Australia: Full-blown coronavirus pandemic delivers biggest fall in consumer sentiment on record in April
The Westpac-Melbourne Institute consumer sentiment index tumbled to 75.6 in April from 91.9 in March, thus logging the sharpest month-on-month fall in the survey’s history, as the coronavirus outbreak morphed into full-blown pandemic. Therefore, sentiment plunged further below the 100-mark, indicating that there were more pessimists than optimists among Australian consumers. Moreover, the index recorded its worst reading since February 1991, logged amid the deep recessions of the early 1990s.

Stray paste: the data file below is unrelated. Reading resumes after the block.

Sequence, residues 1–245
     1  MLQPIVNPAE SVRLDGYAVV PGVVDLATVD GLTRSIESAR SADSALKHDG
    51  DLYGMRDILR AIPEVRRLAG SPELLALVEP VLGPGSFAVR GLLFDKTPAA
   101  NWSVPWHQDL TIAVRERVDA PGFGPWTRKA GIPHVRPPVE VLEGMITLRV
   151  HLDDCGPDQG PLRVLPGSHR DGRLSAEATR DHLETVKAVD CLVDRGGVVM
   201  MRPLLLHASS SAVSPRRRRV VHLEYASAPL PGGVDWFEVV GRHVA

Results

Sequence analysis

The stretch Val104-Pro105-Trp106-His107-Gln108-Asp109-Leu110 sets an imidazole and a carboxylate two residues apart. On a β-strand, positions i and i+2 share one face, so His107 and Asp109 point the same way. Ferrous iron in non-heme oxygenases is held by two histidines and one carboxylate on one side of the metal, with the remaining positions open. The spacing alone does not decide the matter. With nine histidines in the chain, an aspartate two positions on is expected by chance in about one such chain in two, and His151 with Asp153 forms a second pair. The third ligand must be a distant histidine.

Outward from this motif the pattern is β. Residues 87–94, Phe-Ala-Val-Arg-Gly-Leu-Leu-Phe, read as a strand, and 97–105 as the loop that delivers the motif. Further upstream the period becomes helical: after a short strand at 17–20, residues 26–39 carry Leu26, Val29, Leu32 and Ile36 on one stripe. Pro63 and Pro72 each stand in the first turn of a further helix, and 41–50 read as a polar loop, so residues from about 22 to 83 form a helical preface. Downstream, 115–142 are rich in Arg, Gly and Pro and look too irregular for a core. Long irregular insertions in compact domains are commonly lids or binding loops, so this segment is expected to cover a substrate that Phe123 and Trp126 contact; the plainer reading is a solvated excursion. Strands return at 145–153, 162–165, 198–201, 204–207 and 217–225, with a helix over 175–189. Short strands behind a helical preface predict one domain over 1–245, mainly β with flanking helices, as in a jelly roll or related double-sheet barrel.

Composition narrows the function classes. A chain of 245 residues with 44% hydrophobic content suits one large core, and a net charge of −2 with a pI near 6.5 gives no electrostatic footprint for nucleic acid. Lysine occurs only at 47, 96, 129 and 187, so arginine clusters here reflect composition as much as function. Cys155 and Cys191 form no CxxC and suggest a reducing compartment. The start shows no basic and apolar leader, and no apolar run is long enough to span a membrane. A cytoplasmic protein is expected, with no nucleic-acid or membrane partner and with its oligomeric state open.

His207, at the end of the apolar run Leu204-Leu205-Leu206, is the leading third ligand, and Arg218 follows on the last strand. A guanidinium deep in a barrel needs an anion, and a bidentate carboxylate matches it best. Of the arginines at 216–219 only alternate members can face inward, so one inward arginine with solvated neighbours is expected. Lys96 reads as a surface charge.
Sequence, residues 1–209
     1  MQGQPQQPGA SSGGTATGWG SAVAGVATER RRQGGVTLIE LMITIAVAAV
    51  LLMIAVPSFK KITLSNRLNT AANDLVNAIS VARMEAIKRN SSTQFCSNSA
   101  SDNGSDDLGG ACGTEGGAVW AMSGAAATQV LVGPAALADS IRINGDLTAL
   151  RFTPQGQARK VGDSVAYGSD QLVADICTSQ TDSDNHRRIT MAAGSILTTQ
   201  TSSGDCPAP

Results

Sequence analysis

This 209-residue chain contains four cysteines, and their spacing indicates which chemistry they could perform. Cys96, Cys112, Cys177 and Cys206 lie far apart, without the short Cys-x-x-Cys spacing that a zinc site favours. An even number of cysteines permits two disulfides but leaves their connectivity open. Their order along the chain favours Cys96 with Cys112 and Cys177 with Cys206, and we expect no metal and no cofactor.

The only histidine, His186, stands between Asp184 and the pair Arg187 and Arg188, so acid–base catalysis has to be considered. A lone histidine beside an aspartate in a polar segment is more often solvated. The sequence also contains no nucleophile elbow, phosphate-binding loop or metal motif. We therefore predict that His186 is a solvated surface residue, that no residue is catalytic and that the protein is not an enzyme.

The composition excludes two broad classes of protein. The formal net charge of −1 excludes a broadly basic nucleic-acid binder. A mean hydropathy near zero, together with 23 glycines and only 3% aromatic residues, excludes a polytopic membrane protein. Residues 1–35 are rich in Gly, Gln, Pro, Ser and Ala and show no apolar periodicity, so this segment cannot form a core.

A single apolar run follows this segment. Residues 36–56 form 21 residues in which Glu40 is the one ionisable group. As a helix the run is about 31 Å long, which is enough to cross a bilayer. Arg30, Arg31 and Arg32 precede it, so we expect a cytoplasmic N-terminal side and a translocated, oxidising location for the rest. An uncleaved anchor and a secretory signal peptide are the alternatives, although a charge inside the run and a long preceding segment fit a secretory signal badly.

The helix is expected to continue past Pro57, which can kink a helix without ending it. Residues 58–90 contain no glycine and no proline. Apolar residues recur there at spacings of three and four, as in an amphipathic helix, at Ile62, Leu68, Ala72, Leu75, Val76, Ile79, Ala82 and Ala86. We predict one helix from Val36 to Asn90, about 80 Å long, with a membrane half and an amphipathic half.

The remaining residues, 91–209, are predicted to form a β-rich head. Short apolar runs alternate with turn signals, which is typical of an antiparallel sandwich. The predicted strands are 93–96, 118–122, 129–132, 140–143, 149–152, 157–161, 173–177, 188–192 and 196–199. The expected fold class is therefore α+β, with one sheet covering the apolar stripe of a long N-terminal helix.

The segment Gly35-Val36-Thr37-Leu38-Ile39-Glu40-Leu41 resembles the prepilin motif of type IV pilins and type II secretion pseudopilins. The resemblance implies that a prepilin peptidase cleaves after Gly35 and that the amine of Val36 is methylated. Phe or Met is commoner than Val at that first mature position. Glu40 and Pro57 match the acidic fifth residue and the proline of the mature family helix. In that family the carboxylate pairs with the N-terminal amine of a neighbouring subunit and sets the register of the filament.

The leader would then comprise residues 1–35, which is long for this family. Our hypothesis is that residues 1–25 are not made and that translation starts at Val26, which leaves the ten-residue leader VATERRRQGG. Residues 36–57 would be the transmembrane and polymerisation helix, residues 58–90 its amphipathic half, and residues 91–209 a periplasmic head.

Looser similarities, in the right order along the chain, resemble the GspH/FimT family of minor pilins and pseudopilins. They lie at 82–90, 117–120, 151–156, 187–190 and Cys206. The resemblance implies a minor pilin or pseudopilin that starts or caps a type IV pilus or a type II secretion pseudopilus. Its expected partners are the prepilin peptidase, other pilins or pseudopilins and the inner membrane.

April’s decline was broad-based, although the largest falls were recorded for the near-term outlook for the economy and spending decisions. Consumers’ outlook over the general economic situation in the year ahead plummeted further into pessimistic terrain, and their expectations over the general economic situation in the next five years also lost ground, although the fall was significantly less pronounced. This likely caused a plunge in households’ willingness to buy major household items, which recorded the sharpest fall on record. Moreover, consumers’ confidence regarding their future financial situation weakened in April and their unemployment expectations worsened drastically. Furthermore, consumers’ assessments of “time to buy” and house prices expectations collapsed.